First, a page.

Evidence for a contribution of the APOE (but not the ACE) gene to the sleep profile of non-demented elderly adults

Int J Mol Epidemiol Genet. 2019 Aug 15;10(4):59-66. eCollection 2019.


This study aims to investigate alleles of the human apolipoprotein E (APOE) and of the angiotensin-converting enzyme (ACE) genes as risk factors for poor quality of sleep in elderly individuals with no major cognitive decline. This cross-sectional, analytical study was conducted with 163 participants aged 75 years in average and 85% female. Sociodemographic, anthropometric and clinical data were gathered, and sleep quality was assessed using the Pittsburgh Sleep Quality Index (PSQI) and the Epworth scale, with patient followed for years prior to these evaluations to rule out onset of major mental disorders. Genotyping of classic polymorphic sites for the ApoE (rs429358 and rs7412) and the ACE (rs4646994) genes used peripheral DNA. A total of 63% of the subjects reported poor quality of sleep assessed by the PSQI whereas 54 (33%) reported daytime sleepiness through the Epworth scale. A significant correlation was observed between APOE and PSQI, with a greater frequency of the poor nighttime sleep quality phenotype among ε2 carriers, whereas no correlation was found among any of the sleep scores and the ACE genotypes. Thus, we suggest a correlation between APOE alleles and scale-assessed sleep quality scores in older adults, with no implications for ACE alleles, in a context devoid of cognitive impairment.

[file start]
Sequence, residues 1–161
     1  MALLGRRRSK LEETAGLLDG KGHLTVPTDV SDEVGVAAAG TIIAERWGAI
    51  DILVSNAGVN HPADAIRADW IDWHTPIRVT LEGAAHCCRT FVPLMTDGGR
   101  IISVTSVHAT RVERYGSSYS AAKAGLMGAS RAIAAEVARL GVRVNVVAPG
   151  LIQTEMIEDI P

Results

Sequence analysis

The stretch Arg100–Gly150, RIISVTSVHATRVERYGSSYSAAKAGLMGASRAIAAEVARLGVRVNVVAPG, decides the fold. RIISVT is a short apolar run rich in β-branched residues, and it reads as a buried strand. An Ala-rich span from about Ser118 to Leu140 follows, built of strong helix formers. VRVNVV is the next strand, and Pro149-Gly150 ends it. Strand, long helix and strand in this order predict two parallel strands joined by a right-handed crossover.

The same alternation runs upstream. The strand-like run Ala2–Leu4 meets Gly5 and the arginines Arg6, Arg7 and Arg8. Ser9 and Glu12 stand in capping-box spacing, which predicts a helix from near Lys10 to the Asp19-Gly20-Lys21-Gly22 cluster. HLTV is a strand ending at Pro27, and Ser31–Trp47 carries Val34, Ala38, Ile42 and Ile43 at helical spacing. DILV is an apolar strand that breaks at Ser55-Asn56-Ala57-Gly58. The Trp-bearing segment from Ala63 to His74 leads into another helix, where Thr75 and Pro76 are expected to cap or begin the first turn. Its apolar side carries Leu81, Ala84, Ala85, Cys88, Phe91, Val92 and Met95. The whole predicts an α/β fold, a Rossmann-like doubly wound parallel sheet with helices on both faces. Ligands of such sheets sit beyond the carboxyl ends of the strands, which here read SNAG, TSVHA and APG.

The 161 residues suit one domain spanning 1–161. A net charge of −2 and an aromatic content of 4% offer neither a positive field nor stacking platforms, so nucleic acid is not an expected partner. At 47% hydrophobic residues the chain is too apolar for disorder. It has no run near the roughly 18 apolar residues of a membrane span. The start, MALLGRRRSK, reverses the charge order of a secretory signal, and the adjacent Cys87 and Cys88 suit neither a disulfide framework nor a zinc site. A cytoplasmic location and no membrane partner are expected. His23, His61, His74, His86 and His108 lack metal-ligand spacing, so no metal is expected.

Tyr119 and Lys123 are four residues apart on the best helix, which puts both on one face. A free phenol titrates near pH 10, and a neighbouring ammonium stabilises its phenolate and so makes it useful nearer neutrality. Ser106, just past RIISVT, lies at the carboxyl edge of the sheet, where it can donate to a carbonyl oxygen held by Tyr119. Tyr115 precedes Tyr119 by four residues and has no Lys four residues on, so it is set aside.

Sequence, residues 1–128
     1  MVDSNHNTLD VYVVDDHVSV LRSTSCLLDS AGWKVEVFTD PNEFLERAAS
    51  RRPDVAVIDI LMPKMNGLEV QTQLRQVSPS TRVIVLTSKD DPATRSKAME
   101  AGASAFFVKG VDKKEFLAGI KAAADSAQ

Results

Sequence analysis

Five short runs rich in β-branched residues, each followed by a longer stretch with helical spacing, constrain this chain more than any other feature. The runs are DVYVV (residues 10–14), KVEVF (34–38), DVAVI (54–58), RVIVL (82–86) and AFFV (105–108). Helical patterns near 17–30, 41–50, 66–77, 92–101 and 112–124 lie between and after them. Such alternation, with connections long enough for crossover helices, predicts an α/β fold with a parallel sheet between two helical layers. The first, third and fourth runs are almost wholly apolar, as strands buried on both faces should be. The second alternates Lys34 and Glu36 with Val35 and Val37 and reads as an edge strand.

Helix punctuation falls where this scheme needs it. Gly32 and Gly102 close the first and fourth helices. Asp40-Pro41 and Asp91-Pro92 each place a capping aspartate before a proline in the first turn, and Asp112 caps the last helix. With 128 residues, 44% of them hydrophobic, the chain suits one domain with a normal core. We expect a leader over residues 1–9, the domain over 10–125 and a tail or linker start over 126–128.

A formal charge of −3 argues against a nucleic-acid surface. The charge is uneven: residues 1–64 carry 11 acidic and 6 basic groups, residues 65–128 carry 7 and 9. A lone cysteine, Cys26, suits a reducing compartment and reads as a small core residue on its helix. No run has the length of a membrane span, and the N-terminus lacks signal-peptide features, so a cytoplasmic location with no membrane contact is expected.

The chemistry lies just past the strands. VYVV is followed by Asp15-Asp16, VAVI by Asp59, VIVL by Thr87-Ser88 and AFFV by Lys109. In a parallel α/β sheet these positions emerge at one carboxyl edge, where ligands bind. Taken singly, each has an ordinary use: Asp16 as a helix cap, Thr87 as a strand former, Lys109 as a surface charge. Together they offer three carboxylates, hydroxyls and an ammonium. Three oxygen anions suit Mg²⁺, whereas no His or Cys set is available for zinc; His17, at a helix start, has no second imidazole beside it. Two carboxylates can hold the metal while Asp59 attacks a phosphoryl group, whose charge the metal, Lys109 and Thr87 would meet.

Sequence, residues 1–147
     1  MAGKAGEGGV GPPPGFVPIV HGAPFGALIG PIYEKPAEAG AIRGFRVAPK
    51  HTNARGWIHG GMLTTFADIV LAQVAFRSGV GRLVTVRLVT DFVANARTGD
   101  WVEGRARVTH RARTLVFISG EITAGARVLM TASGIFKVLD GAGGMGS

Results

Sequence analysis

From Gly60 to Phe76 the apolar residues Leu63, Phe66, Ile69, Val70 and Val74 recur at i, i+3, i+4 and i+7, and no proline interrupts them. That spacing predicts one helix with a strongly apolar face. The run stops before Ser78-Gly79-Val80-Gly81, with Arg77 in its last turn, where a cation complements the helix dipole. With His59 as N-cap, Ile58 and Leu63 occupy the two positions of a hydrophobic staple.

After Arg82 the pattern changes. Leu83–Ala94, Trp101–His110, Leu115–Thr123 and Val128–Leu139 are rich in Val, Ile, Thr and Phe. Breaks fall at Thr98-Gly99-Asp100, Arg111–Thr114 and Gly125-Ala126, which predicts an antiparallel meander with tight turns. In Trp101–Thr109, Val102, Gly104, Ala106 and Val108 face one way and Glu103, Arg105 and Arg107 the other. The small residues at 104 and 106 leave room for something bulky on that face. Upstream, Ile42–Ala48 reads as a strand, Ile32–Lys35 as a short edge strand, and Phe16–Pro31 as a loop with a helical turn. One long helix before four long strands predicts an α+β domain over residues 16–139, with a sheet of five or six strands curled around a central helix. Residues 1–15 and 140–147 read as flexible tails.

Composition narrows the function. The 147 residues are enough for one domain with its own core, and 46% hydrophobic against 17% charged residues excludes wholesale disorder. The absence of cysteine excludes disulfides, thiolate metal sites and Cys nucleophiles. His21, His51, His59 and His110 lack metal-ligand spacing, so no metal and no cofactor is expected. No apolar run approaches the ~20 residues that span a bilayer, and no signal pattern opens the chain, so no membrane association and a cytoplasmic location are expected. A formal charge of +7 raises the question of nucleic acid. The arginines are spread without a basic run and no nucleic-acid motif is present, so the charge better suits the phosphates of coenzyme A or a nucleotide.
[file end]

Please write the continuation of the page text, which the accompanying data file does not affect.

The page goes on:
Keywords: Apolipoprotein; cognition disorders; genotyping; older adults; sleep.